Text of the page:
This is a day which changed Donna. She no longer has a pesky gall bladder! This adventure began when we left the house at high noon. The time it takes to get to the hospital is about one hour and 15 minutes. She had to be there at 1:30. But as she pointed out, they aren’t gonna start without her! Lol.

We were doing good until we got near Wellsville, 7 miles from Salida. Highway construction! Flagman, etc. And a line of waiting vehicles.

We each took a picture, me of the line; she of the place! This vehicle in front of us went roaring by a mile or so earlier. 😉 I figured he was working up to a heart attack since he was in such a hurry! We sat here about 20 minutes.

There are many worse places to sit and wait! The sounds of the river soothed us and the mountains were nice to watch. On the left is part of the mine there; the mill has big piles of white stuff. Dunno what it is.

Finally our escort dumptruck arrived to lead us to the promised land. At 30 MPH! The construction turned out to be over a mile of highway resurfacing. Then we went on to the hospital where things got more efficient. Except they had lost her lab results so they had to be redone!

This is my lovely wife in pre-op. Lots of questions and pokes here! One that doesn’t show is on her upper left arm where they did an allergy test for the antibiotic they will use. She passed!

She had TWO anesthesiologists.

This is Scott, the doctor anesthesiologist. His hair got like this when he had chemotherapy. I didn’t get a picture of his shoes and so regret it! The laces and other parts were all different colors! Made me think of clown shoes!

This was Scott’s assistant, a trainee. He was very professional and made Donna feel comfortable which was the main thing! I figured between the two of them, she was in good hands!

He injected the anesthesia into her IV tube and away they went. I went to lunch! This being Salida, I was not surprised when I had to stop for a deer on my way to Wallbangers where I had a great mushroom and swiss cheese burger!

I got back to the hospital and took a place in the now almost empty waiting area about 3:30. In case she came out early. All that did was give me 30 more minutes to text and read! Lol. I finally had to go to the restroom at 4:30 and naturally, that was when her surgeon, Doctor Menart came out! (I took a picture of him in scrubs with my phone camera but forgot to save it! These things should save by default.)

He told me the operation “went well”; I was hoping this was exuberance for him and it was something beyond just successful. Anyway he gave me an outline of when she would be discharged (tomorrow) and when he was gonna remove the drain (before she leaves if it is not needed). I asked for details on how he removed the organ (I was envisioning chopping it up and vacuuming it out!) and he explained it was small and flexible so it comes out intact.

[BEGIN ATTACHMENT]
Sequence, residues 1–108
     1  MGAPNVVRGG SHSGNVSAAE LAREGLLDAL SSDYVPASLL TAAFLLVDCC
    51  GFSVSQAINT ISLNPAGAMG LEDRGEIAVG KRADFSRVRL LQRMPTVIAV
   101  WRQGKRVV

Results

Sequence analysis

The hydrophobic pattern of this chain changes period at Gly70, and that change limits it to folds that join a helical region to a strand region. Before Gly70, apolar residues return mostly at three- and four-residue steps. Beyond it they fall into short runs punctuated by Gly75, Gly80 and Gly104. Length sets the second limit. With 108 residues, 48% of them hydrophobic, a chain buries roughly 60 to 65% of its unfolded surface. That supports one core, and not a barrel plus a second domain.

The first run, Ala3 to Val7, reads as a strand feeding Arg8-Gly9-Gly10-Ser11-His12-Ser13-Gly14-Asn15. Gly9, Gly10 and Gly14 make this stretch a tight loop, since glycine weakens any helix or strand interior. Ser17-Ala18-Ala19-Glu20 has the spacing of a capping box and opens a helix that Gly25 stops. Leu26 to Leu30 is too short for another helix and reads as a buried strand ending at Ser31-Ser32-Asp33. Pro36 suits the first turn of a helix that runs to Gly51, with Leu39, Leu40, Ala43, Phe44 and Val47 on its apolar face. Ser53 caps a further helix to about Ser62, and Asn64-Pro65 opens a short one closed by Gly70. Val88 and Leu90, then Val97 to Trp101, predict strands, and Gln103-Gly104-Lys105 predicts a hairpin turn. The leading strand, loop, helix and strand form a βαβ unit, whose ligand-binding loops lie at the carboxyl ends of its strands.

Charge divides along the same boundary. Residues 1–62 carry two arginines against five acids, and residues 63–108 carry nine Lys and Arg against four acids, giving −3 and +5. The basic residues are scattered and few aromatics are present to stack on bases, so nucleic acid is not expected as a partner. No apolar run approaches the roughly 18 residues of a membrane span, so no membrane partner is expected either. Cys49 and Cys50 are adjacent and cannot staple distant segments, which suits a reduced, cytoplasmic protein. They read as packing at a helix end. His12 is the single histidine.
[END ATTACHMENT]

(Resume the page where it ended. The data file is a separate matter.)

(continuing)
I went on up to her room to wait; he said she would only be in recovery for 30 minutes. She got to her room at 5:30! Her room number is 2516. As I went to the elevator (I am old with achy joints, OK? Lol.), I asked at the desk if that was on the 25th floor (It is a two story building.) One of the receptionists laughed but the other was less amused and told me it was but the floors are numbered downward! I replied that I was impressed with their basement. It turns out the “2” was the floor and the “5” is kinda the hall number. They also number the rooms different: up one side and down the other. Creative numbering.

Again I got to do some reading but the view out her window was great.

The little lake is a drainage pond from the property with ducks and reeds like a permanent pond but with less landscaping! From her bed, this is what she could see.

Still nice with the Sawatch Mountains in the background, the helipad windsock, and the historic Smeltertown mill stack.

She eventually came in, about 30 minutes later than projected. She didn’t recover as fast as normal. And was still very groggy.

She looked awful, frankly. Poor baby! And was barely cognizant. The staff had not removed the room’s bed so the nurse’s moving her from recovery had to move it. This way she did not have to be transferred between beds.

The nurse on the left is a recovery nurse while the other one is a ward nurse. It turns out she sits just outside her room monitoring her and another patient. I have not seen this setup since my Dad was in ICU! She is pale and barely responsive from the anesthetic. All she would say is “Thirsty”. But didn’t want ice. When my flash went off, she thought it was lightening and jumped!

This is Kate who, as she said, was her nurse for 8 more minutes! She deliberately turned her back. I had harassed her earlier when I came up face to face with her in the hall while she was standing there. I said she looked lost. When she said she had forgotten what she was doing, I said she was too young for that!

When she asked Donna if she could get her something, she got the “water” answer. Then I, naturally, butted in. When Kate suggested ice, I told her she had already refused that. So she ended up giving her some tap water.

I stayed until 6:30 then drove home. It was dark and Lily was feeling insecure. What an adventure.